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InfoQ Homepage News Samsung Acquires Cloud Provider Joyent

Samsung Acquires Cloud Provider Joyent

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Samsung has acquired Joyent, the public cloud provider positioning itself as a container-native cloud platform. The buyout gives Samsung an immediate cloud presence, and the potential to build an integrated back-end platform to support its consumer-facing devices. For Joyent, there is the potential for rapid growth if Samsung invest to expand the reach of the service. As Forbes observes, potentially the biggest attraction for both parties is the ability to offer an end-to-end experience in the Internet of Things space: “IoT is expected to be at the center of Samsung’s strategy”.

Wired described Joyent as 'the best-kept secret in cloud computing'. Its platform offering is narrower than market leaders like AWS and Azure, who provide a whole stack including message queues and databases. Joyent only offers object storage and compute, but the compute stack is its differentiator. On the Joyent cloud you can run Linux-based VMs, containers or serverless compute functions, and they all run directly on the company's open-source Triton DataCenter software, without any intermediate virtualization layers.

For Joyent customers who value that flexible compute offering, which includes support for Docker with a pay-per-container billing model, the Samsung acquisition should lead to an expansion of the Joyent cloud. Currently it runs from four data centers, three in the US and one in Europe. Scott Hammond, CEO of Joyent, is clear on his goal for expansion: “We'll be building data centers around the globe.”

Those data centers will be filled with machines running SmartOS, Joyent’s proprietary, but open-source, operating system built on Solaris. The choice of Solaris over a Linux distribution comes from Joyent’s engineering history – many of the team worked at Sun Microsystems. With Solaris comes Solaris Zones, a containerization technology that pre-dates Docker by almost ten years. A container-native cloud offering has always been Joyent’s proposition, even if that meant being – as Bryan Cantrill, CTO of Joyent said - “In the right place at the wrong time for an extended period of time”.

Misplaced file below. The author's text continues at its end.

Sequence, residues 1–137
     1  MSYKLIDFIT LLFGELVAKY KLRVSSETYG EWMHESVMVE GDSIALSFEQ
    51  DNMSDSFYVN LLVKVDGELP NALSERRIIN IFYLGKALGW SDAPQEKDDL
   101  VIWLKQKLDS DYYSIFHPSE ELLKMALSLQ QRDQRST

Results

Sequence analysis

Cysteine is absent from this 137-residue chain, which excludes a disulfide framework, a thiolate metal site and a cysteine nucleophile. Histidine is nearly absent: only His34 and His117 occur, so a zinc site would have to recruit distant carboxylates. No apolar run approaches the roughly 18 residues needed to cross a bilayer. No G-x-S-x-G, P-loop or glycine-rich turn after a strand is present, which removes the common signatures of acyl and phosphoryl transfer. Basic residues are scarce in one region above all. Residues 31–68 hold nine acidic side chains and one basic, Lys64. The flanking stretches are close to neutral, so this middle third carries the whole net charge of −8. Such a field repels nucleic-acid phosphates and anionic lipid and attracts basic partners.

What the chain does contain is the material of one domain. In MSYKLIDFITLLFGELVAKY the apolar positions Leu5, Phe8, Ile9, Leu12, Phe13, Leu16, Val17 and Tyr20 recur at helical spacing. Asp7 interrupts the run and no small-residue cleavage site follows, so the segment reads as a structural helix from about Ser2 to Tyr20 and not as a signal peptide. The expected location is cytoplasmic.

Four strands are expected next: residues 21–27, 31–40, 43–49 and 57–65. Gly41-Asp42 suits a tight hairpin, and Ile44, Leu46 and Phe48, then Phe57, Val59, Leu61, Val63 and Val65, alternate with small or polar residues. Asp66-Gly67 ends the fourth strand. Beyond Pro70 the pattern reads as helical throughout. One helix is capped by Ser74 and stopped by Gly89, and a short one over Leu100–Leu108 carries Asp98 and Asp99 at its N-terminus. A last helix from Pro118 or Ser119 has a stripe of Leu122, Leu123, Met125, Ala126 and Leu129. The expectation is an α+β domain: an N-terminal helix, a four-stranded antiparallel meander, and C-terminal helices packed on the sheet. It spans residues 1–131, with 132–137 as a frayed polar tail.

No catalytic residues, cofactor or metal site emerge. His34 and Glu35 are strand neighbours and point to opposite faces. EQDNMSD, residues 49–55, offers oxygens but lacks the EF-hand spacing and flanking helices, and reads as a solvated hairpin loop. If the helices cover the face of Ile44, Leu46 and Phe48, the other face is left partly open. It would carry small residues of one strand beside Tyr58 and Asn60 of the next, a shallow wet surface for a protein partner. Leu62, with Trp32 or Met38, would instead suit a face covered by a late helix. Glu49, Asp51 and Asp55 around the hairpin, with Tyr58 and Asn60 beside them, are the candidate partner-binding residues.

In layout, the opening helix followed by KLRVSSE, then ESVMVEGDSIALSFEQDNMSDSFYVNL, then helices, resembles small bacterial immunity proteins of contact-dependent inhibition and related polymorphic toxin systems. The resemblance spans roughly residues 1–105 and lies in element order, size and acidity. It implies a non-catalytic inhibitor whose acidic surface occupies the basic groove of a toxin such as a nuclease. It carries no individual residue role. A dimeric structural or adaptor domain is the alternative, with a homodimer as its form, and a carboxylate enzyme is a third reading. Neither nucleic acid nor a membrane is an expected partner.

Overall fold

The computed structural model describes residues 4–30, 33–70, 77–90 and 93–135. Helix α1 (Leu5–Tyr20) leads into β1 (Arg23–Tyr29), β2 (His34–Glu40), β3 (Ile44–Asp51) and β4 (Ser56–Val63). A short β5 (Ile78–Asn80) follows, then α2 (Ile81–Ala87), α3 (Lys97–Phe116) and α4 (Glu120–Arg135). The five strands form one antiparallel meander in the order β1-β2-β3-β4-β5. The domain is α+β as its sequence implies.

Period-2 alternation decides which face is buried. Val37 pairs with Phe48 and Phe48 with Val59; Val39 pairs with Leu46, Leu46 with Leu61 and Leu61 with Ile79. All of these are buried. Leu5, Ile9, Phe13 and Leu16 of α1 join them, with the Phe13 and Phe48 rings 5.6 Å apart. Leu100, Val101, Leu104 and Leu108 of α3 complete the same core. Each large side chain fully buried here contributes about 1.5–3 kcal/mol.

Containers-as-a-Service offer the potential for huge scale with high efficiency, which is what you need for the service side of an IoT offering. The IoT proposition may take longer to realise, but it could put the Samsung/Joyent partnership in a pre-eminent position. Samsung already has the Artik program which pairs hardware modules with cloud services, but right now that’s backed by AWS. Samsung can now look to migrating the back-end to Joyent, providing its subsidiary with an anchor tenant, and removing a dependency on Amazon.

Samsung also has the possibility of centralizing the client software stack. Artik modules currently run a variety of operating systems and development platforms, including Fedora, C++ and Java. If you want to build a range of devices based on Artik, you may need multiple forks of your own software for different types of module. Joyent brings years of experience with Node.js (it was the project’s custodian before creating the Node.js Foundation), so it would make sense to build the Artik development platform on Node.js.

Andrew Reichman of 451 Research suggested the end goal for Samsung is to control the end-to-end product stack and own the data: "They see their future being defined not by manufacturing the devices but by connecting the devices and analyzing their usage and providing content for them".

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